ticular mention. In an almost incredible “ In fact, nothing could be more fa short space of time, he assembled about vourable to the designs of the regent than two thousand five hundred men, and this riot. By her recent conduct she had marched from Ayrshire to Perth, bringforfeited the confidence of the Protes- ing this large reinforcement to his brethtants, and even exposed herself in the ren there, while they were treating with eyes of the sober and moderate of her the queen-regent. own party.

This occurrence afforded The queen employed the Earl of Arher an opportunity of turning the public gyle and Lord James Stewart to treat indignation from herself, and directing it

M'Crie's Life of Knox, pp, 159, 160.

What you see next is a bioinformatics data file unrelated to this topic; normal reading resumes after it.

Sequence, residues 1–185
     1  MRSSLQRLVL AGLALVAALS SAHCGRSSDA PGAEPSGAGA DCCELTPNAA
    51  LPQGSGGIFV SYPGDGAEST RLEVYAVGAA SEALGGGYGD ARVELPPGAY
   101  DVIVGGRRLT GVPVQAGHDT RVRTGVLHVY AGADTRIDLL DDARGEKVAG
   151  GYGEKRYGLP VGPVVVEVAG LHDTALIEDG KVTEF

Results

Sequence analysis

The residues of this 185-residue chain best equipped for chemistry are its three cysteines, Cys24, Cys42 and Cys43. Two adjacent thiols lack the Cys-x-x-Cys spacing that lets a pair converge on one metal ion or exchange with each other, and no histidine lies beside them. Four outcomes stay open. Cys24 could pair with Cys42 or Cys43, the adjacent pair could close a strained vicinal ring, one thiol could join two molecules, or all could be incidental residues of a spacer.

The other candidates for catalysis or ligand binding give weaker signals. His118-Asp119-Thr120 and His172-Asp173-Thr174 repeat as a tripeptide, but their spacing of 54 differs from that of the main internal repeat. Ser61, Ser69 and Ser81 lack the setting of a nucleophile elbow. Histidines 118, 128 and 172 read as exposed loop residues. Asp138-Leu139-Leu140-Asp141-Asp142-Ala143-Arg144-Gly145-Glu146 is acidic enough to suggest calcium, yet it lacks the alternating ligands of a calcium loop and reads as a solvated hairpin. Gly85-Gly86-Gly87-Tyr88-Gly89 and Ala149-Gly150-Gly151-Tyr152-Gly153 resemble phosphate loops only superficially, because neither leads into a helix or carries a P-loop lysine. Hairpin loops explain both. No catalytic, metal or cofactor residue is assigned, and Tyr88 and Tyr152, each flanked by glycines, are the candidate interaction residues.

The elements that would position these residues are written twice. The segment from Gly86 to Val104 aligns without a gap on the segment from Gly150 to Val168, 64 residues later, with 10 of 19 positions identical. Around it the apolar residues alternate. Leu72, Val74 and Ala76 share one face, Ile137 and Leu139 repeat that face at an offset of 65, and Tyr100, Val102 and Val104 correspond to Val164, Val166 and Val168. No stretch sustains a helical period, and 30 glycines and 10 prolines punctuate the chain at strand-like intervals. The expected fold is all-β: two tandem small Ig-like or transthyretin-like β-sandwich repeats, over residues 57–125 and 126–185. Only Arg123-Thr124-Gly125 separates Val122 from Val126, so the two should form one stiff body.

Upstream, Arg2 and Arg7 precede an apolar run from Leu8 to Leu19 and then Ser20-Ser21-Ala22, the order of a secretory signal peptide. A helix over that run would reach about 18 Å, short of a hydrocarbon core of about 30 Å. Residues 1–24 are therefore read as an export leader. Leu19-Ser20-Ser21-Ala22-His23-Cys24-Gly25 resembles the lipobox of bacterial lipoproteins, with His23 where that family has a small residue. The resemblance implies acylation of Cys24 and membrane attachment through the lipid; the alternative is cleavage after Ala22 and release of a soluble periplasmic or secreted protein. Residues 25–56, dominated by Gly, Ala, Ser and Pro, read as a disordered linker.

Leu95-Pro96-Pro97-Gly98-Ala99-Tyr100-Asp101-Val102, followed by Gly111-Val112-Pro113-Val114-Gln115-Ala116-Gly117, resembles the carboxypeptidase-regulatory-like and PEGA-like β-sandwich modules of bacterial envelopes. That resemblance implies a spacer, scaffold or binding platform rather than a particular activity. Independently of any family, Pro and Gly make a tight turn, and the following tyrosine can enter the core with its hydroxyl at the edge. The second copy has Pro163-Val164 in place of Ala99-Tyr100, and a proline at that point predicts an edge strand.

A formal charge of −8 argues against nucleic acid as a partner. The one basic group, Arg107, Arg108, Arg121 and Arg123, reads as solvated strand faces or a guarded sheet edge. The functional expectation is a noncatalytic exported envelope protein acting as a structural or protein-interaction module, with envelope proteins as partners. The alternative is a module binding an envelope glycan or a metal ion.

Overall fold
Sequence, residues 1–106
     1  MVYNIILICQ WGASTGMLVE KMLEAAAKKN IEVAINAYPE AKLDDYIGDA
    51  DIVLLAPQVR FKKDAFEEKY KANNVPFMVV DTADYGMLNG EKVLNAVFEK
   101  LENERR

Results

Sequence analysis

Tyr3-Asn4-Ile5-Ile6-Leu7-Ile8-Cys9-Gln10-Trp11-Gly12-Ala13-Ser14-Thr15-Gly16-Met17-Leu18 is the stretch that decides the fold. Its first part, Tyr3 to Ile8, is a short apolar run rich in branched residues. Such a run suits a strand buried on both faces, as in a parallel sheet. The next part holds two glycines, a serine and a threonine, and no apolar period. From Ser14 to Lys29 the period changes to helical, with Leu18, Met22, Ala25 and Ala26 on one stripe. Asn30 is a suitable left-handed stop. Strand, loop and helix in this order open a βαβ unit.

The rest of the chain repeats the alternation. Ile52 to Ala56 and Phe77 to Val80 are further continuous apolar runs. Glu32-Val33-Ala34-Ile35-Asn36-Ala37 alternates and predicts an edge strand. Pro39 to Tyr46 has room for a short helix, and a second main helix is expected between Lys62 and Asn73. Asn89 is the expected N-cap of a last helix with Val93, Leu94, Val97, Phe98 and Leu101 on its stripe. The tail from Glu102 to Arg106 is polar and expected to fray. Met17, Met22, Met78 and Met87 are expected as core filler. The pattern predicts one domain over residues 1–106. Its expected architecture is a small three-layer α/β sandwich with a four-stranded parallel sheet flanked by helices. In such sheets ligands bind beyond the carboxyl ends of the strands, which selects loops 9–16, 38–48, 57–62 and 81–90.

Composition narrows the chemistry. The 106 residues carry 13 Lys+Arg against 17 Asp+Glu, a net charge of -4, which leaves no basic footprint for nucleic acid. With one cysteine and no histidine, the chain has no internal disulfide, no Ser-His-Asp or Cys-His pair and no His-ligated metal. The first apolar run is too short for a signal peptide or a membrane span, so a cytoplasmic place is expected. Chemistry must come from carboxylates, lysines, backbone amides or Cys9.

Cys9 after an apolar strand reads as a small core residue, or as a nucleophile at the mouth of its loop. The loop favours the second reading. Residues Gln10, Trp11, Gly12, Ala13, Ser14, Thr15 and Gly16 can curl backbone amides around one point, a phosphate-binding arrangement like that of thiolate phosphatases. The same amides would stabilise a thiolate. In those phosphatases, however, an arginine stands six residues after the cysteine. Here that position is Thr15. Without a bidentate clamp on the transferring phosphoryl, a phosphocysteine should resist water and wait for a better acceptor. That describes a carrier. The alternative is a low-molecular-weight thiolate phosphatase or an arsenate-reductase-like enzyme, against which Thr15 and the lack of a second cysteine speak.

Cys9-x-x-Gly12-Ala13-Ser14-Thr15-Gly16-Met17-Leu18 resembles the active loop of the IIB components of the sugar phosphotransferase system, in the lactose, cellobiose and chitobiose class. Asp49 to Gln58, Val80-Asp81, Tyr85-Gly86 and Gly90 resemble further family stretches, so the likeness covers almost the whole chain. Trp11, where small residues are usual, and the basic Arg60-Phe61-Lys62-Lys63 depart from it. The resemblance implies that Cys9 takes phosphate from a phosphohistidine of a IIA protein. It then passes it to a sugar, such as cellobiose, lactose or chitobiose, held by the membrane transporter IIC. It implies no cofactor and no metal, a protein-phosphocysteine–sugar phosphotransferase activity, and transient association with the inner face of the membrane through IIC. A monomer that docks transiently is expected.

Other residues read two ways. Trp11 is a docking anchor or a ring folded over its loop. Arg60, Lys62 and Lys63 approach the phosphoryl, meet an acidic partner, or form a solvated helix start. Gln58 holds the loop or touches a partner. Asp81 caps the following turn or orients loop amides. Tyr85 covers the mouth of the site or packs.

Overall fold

with the Lords of the Congregation at fblemen feeling their own honour impliPerth ; and an agreement was entered cated, forsook her, and went to the Coninto, in which it was stipulated, that the gregation, resolving never again to place town should be left open to the queen; any confidence in her promises. that none of the inhabitants should be The Lords of the Congregation now called in question for what had taken resolved to temporize and negotiate no place; that the French should not enter longer, but to take immediate steps for the town; and that, when the queen re- abolishing the idolatrous and superstitious tired, there should be no garrison left in rites of Popery, and setting up the reit. To these terms the reformers agreed; formed worship in all places to which at the same time stating, that they did not their authority or influence extended. expect the queen to keep faith with them And as Lord James Stewart was prior any longer than till she obtained the of St. Andrews, and had now cordially power to break it with safety to herself; and entirely joined with the reformers, and Argyle and Stewart, declaring that he gave an authoritative invitation to if she should violate the treaty, they John Knox, to meet him in that city on would leave her, and openly take part a certain day, and to preach publicly in with their brethren, to whom they con- the Abbey Church. Knox, who had sidered themselves bound by the most been preaching in several places along sacred ties. Before quitting Perth, the the east coast of Fife, hastened to comLords of the Congregation framed and ply with this invitation, and on the 9th subscribed another bond pledging them of June arrived at St. Andrews. The to mutual support and defence in the archbishop, hearing of this design to cause of religion, or any cause dependent storm Popery in its stronghold, hastily thereupon, by whatsoever pretext it might collected an armed force, and having at be coloured and concealed. This has their head hurried to St. Andrews, sent been generally called THE SECOND Cove- information to Knox, that if he appeared